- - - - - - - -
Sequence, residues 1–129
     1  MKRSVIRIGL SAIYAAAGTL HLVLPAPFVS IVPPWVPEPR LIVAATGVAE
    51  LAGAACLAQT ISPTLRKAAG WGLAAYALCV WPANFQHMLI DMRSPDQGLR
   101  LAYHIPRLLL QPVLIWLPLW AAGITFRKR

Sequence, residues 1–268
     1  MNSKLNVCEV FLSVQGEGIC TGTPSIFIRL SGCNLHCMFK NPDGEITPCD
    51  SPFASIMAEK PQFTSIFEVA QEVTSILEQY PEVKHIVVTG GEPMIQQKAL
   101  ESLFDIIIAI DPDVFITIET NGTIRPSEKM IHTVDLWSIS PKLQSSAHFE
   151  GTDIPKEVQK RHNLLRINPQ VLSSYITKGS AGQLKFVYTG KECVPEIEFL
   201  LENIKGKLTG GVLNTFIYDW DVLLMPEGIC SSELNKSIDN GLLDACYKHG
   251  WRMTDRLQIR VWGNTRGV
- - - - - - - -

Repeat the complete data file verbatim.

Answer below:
Sequence, residues 1–129
     1  MKRSVIRIGL SAIYAAAGTL HLVLPAPFVS IVPPWVPEPR LIVAATGVAE
    51  LAGAACLAQT ISPTLRKAAG WGLAAYALCV WPANFQHMLI DMRSPDQGLR
   101  LAYHIPRLLL QPVLIWLPLW AAGITFRKR

Sequence, residues 1–268
     1  MNSKLNVCEV FLSVQGEGIC TGTPSIFIRL SGCNLHCMFK NPDGEITPCD
    51  SPFASIMAEK PQFTSIFEVA QEVTSILEQY PEVKHIVVTG GEPMIQQKAL
   101  ESLFDIIIAI DPDVFITIET NGTIRPSEKM IHTVDLWSIS PKLQSSAHFE
   151  GTDIPKEVQK RHNLLRINPQ VLSSYITKGS AGQLKFVYTG KECVPEIEFL
   201  LENIKGKLTG GVLNTFIYDW DVLLMPEGIC SSELNKSIDN GLLDACYKHG
   251  WRMTDRLQIR VWGNTRGV